Boaters Info

Free Fishing Days in New Hampshire

New Hampshire offers two free fishing days each year, so make plans to get out and cast a line with family and friends.  Free fishing days are offered on:

  • The first Saturday in June, and
  • The third Saturday in January.

NOTEPersons participating in a fishing tournament must still hold a license, even on free fishing day.

Free Fishing Day Rules:

• State residents and nonresidents alike can fish any inland water - or saltwater - in New Hampshire that day without a fishing license.

• Note that season dates, bag limits and all other fishing regulations must be followed on Free Fishing Day.

For details on fishing rules, consult the New Hampshire Freshwater Fishing Digest.

 

Read more fishing information - stocking reports, tackle tips, access sites, lake depths and fishing reports from across the state. And check out our regional fishing brochures, with suggestions on where to fish from the shoreline, currently available for Manchester/Nashua, the North Country, southwestern New Hampshire, the Lakes Region, and the seacoast.

 

If you get hooked on Free Fishing Day, enjoy the fun year round. Licenses are available online or from any of 250 friendly local license agents statewide. You don't need a license if you are under the age 16 in New Hampshire. 

 

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Building boats that build character

My Daughter Mariella, age 15 by her wonderful Canoe she built, The "Free Spirit"

Since 1992, the Boat Museum in Wolfeboro, New Hampshire had the idea of preserving the boating heritage of the New Hampshire Lakes for all of us to remember. For me, beginning at 8:30 Am on July 5th, 2011 it became a place to actually build a boat with my fifteen-year-old daughter Mariella, a time for us to never forget.
In an age of instant messaging, instant this and instant that, so many things grab the attention of peoples lives. And, here we were, getting up early in the morning, standing under tents in 80+ degree weather for at least 6 hours a day for 6 days, making a boat that requires teamwork, patience, time, diligence and a lot of learning. It was hard work. It was hot. Yet Mariella would be knocking on my shoulder to wake me up to get going.
In my life, boats have always built fond memories; from challenging fellow 8 year old campers in canoes cut in half at Camp Deerhorn in Wisconsin, sailing at my grandfather’s place on Lake Michigan, traveling by boat everywhere before being allowed to drive a car at our family’s island cottage in Canada, cruising in Boston Harbor, enjoying the views from the Mt Washington on Winnipesaukee, and morning kayaking on a small lake in Northwood with my daughter.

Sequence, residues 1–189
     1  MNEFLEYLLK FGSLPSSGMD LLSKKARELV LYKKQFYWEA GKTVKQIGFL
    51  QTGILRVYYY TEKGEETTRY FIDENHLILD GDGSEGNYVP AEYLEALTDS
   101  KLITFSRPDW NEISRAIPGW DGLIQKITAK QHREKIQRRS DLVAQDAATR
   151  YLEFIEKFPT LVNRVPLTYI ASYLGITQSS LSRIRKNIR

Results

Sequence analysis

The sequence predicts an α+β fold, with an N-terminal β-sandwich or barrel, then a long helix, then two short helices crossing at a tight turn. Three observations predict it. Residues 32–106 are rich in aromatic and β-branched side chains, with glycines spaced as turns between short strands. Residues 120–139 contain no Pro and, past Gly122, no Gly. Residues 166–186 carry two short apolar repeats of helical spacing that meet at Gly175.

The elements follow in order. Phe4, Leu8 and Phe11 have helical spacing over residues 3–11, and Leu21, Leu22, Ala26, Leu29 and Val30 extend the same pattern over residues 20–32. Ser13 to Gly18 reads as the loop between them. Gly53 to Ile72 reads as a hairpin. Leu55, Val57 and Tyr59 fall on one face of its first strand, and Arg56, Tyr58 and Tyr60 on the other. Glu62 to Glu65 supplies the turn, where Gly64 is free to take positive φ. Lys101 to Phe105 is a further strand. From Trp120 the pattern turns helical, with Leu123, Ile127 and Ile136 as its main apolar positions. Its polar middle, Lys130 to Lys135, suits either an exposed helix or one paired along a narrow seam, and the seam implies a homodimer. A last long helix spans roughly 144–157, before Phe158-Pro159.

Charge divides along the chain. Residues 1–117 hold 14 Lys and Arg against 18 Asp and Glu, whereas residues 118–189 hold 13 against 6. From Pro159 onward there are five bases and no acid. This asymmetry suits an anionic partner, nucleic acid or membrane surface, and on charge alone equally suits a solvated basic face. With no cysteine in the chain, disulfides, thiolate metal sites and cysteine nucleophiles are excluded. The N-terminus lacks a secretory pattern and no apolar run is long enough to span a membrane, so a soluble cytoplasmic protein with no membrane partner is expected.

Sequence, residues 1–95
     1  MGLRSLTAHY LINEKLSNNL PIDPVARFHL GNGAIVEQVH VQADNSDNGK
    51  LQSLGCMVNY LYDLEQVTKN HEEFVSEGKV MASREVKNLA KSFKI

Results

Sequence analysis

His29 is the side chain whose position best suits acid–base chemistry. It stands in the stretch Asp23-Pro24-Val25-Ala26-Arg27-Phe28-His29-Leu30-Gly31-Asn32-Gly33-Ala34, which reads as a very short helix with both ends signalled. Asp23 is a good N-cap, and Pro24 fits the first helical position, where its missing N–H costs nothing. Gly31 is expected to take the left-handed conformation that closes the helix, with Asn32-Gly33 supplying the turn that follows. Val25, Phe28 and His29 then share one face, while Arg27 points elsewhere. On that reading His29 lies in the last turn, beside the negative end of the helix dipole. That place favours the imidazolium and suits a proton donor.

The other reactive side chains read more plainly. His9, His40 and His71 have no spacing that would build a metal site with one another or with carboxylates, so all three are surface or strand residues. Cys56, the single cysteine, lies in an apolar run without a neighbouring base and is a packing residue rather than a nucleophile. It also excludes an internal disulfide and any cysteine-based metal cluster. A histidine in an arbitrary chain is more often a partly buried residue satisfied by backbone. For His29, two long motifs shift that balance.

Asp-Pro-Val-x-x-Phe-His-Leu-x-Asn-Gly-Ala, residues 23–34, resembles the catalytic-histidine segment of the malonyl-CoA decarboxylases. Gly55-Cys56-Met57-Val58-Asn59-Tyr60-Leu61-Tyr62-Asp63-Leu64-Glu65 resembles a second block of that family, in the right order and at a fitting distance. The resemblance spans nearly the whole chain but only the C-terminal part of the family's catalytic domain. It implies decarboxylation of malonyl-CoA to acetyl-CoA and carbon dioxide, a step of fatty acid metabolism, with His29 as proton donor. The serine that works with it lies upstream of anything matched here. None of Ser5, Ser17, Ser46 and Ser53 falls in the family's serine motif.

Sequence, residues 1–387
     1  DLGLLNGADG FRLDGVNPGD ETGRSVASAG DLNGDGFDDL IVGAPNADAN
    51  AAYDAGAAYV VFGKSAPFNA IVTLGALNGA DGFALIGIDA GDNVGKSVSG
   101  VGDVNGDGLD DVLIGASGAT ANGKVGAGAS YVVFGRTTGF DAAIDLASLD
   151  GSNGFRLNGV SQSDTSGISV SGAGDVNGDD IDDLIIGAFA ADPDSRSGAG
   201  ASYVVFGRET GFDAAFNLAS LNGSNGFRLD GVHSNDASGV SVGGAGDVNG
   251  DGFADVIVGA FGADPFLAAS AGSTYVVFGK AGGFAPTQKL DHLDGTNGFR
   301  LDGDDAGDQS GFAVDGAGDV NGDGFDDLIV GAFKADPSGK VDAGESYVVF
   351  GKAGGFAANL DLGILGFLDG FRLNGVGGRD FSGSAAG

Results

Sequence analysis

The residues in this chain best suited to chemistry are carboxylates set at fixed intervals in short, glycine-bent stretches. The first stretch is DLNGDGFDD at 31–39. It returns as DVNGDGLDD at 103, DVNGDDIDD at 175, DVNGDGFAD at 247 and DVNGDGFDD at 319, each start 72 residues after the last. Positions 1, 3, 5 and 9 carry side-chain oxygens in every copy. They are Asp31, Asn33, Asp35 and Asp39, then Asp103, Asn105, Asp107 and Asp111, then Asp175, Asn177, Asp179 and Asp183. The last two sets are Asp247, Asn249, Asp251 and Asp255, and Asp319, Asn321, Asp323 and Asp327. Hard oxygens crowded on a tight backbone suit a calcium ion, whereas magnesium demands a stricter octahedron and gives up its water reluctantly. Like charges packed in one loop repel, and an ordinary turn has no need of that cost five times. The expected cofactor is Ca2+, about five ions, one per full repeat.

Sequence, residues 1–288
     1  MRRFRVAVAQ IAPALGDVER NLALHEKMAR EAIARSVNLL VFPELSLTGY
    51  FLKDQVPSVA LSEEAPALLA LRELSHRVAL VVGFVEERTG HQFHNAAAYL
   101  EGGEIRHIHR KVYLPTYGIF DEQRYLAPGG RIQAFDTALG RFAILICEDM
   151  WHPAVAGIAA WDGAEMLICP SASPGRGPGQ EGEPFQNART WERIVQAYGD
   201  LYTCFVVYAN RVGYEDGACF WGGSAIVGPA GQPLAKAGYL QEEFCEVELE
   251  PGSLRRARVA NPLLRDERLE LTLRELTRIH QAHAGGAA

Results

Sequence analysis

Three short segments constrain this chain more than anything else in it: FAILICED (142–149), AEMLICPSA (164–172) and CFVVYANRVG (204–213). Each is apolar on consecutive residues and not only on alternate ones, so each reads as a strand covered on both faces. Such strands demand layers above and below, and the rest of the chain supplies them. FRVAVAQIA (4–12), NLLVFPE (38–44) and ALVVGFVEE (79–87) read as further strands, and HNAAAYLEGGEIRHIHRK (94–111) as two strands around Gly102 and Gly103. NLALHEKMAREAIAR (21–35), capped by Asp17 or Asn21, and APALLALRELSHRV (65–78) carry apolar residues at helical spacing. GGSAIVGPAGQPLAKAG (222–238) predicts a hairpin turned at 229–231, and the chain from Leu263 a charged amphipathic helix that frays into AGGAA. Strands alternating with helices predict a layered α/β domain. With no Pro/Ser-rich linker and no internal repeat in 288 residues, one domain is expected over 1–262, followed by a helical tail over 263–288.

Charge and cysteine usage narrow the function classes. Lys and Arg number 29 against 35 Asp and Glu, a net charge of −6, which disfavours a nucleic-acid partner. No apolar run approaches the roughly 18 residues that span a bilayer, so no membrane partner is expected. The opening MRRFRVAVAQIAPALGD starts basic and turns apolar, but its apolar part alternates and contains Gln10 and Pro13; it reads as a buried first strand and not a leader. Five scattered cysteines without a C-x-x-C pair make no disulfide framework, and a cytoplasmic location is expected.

Building a boat brings a whole new level of memories to cherish.

Building Boats, My Early Years.
I remember as a kid helping to build a “McGregor Bay Sled” up at our family’s cottage in Canada. These were big flat bottom utility boats, 4 feet wide, 16 feet long, and could carry anything, weighed a ton, and go anywhere slow. It was made with heavy marine plywood, a bunch of bolts, gallons of glue, and some lead paint I am sure. When the transom rotted, we would simply cut off the bad part, move it forward and screw it back on until it got so bow heavy that the propeller stuck out of the water in the stern. It took two weeks and 5 of us to build.

Building Boats, Our Wolfeboro Week
At the Boat Museum, Mariella and I built something far more elegant, far more refined, and far less heavy. It is called a “six-hour canoe” –The six-hour part –well that was how long it took for us to put the two sides together. It was really a six-day canoe for us. We made it by hand out of wood—cutting, bending, nailing, screwing, planning, sanding, fiberglassing, varnishing, and painting--into a masterpiece –using the many tools provided--and a lot of patience.
We also were able to add personal touches including a curved deck on the bow and stern held down by brass nails and a few brass goodies from Bradley's Hardware and Goodhue and Hawkins.

 

For the price of a normal summer camp, the New Hampshire Boat Museum Boat Building Program---well you came away with a beautiful boat, and memories that will last a lifetime.


“Free Spirit”, a canoe designed in the past, was built with newly learned skills, by Mariella’s own talented hands.
 

Here is a video my daughter made of the making of Free Spirit.

Video on Mariella's "Free Spirit" at the Boat Building School NH

Building Free Spirit was an great experience. And it only took six days!  Enjoy :)

Posted by Mariella Travis on Friday, September 2, 2011
 
                               
Check out the Boat Building Program and other events won't you?

 

New Hampshire Boat Museum

399 Center St., Wolfeboro Falls, NH

EMAIL

museum@nhbm.org

WEB SITE:

http://www.nhbm.org

603.569.4554

HOURS

OPEN: Memorial Day Weekend through Columbus Day

Monday through Saturday 10 – 4
Sunday Noon – 4

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